At some point in 2009, when I tried to sell up and close the account, I was told that because I no longer had the US bank account I signed up with, I would be unable to access the funds.

So I pretty much chalked the experience down to an idiot tax and forgot all about it.

In 2010 I launched this web site.

Recently, I remembered the account and, trading platform policies having changed in the meantime, discovered I probably would be able to access the funds after all.

That $1,000 had turned into over $19,000 over the intervening 15 years, and the Tucows position had grown by almost 2,000%, a gain of over $3,700.

I’ve sold all my shares and am in the process of closing the account. After that, I won’t own any shares in any companies.

In short, I’m probably going to make a few grand by selling Tucows stock that I’ve owned for the last 15 years but which, until recently, I thought I’d lost forever.

Make of that what you will.

I’m disclosing it now not because I think I’ve had any market-moving impact on the stock over the years, but because it just seems like the kind of thing that needs to be disclosed.

Outrage at ICANN’s new “clown shoes” social distancing mandate

Kevin Murphy, April 1, 2021, Gossip

ICANN has been slammed by community members after announcing a return to in-person public meetings this year, but only to attendees wearing clown shoes.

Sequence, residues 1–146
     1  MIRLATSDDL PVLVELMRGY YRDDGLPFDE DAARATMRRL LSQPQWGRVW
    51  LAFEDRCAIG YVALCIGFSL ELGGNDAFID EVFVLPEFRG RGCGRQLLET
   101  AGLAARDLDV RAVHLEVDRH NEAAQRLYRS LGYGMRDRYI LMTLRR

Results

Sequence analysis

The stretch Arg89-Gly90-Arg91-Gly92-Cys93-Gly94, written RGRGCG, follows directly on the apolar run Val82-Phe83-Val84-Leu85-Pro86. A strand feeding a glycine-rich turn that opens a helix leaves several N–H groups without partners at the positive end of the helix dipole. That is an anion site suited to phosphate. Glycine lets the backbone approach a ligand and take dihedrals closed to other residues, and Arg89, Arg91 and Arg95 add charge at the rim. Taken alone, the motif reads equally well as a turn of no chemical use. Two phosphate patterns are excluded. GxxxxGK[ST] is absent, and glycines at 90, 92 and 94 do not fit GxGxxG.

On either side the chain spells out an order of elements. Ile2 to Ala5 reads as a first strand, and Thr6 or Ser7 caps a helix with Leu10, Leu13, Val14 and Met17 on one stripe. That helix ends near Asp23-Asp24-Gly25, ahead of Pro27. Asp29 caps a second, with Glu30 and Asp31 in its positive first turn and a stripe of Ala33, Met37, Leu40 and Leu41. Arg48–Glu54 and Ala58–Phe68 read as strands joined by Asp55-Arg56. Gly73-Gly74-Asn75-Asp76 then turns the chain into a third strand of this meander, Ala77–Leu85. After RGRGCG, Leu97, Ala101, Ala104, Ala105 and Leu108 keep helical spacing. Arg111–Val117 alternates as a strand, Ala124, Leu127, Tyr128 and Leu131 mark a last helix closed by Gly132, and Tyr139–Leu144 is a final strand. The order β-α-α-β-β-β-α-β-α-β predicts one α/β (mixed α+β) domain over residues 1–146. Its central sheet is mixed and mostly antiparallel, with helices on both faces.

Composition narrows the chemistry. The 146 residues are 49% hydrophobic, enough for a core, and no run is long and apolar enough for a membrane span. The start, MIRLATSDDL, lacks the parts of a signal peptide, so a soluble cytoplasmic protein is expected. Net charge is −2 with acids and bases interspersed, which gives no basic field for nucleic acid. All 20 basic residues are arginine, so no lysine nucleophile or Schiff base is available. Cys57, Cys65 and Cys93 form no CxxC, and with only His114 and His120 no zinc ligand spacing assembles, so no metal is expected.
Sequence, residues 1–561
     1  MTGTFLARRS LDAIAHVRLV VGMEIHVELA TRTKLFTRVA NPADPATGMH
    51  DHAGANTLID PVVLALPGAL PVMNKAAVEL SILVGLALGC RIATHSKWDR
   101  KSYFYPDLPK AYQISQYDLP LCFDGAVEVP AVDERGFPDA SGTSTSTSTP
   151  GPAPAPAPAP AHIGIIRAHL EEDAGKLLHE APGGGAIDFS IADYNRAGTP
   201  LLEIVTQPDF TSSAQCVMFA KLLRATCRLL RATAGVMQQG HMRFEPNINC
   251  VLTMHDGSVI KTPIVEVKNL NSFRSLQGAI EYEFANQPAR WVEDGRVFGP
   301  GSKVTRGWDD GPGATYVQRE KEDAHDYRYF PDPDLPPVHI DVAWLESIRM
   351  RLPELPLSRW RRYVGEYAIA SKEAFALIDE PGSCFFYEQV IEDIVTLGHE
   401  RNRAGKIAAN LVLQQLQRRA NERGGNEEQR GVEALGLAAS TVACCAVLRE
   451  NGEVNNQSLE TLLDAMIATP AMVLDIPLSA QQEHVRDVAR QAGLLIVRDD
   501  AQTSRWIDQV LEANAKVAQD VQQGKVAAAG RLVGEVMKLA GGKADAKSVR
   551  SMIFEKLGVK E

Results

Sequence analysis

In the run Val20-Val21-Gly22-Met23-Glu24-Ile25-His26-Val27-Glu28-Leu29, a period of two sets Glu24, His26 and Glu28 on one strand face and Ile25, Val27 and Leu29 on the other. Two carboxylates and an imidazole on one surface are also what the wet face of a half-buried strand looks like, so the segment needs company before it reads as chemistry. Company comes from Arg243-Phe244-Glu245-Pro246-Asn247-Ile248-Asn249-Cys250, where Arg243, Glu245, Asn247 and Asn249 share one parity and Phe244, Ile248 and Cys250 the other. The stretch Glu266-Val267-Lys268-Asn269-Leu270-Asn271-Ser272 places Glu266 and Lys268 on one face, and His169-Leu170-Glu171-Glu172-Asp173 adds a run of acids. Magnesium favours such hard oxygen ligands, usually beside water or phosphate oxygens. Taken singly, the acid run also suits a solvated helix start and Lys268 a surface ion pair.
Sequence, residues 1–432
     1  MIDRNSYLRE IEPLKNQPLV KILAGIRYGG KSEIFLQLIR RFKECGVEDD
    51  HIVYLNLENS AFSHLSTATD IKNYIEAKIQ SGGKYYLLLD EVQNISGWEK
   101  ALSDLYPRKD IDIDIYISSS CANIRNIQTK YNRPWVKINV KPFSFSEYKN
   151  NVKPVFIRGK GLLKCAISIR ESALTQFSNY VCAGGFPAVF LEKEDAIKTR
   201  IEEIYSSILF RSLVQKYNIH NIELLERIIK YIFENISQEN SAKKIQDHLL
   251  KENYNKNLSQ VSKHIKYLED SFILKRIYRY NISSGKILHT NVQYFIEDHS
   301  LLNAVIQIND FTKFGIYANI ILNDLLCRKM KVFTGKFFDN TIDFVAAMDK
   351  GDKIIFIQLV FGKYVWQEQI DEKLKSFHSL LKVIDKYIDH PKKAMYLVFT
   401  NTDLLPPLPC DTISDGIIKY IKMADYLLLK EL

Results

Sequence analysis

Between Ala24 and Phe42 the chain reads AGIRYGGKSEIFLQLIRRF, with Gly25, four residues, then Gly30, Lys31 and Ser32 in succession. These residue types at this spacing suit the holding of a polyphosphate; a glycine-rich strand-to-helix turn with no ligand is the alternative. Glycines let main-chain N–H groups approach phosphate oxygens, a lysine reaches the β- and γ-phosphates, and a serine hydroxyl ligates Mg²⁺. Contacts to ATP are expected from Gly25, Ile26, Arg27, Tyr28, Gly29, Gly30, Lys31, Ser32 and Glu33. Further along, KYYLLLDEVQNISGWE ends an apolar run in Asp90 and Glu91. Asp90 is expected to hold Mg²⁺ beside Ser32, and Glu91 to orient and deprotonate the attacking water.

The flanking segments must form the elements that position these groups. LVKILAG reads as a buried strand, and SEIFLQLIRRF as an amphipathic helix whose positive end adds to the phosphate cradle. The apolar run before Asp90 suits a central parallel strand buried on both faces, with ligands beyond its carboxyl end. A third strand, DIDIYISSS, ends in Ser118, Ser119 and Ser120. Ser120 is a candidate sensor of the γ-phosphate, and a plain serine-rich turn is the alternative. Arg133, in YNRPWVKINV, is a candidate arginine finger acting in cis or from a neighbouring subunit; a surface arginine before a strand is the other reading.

The Org said the new rule, which will come into force at ICANN 71 in The Hague this June, was “a bold but necessary measure to enforce social distancing in the pandemic era”.

ICANN CEO Göran Marby said in a blog post that the clown shoes will have to be “brightly colored” and a minimum of 3ft (0.91 meters) in length, to ensure attendees are standing at least 6ft (1.82 meters) away from each other at all times.

“ICANN is the most important organization in the world, and it is imperative that we return to in-person meetings as quickly as possible,” he wrote.

“As your leader, I firmly believe that a compulsory clown shoes mandate is the best way to achieve this goal,” he said.

Clown shoes will be handed out to attendees at the front desk of The Hague Convention Center “after they receive their lanyards but before they receive their anal swab”, added VP of global communications Karen K Karenson.

Small teams of ICANN Compliance staff will patrol the halls of the venue, looking for rule-breakers, ICANN warned.

Those found to be not wearing clown shoes will have a bucket of water thrown over them, Marby said.

“I can’t stress this enough — it really is water in the bucket,” he said. “No, for reals, it’s water in there, trust me.”

The new policy immediately came under fire from influential community members, including the chair of the GNSO Outrage Committee, They Them.

“I’ve been coming to ICANN meetings for 20 years,” Them said. “If admitting that wasn’t humiliating enough, now I’ve got to wear clown shoes too?”

Them additionally complained that the policy discriminates against less-abled meeting attendees, such as those using wheelchairs.

ICANN said in response that it has purchased a tiny, battery-powered clown car that can comfortably fit up to 25 such community members for as much as 20 minutes before the doors all fall off in a puff of confetti.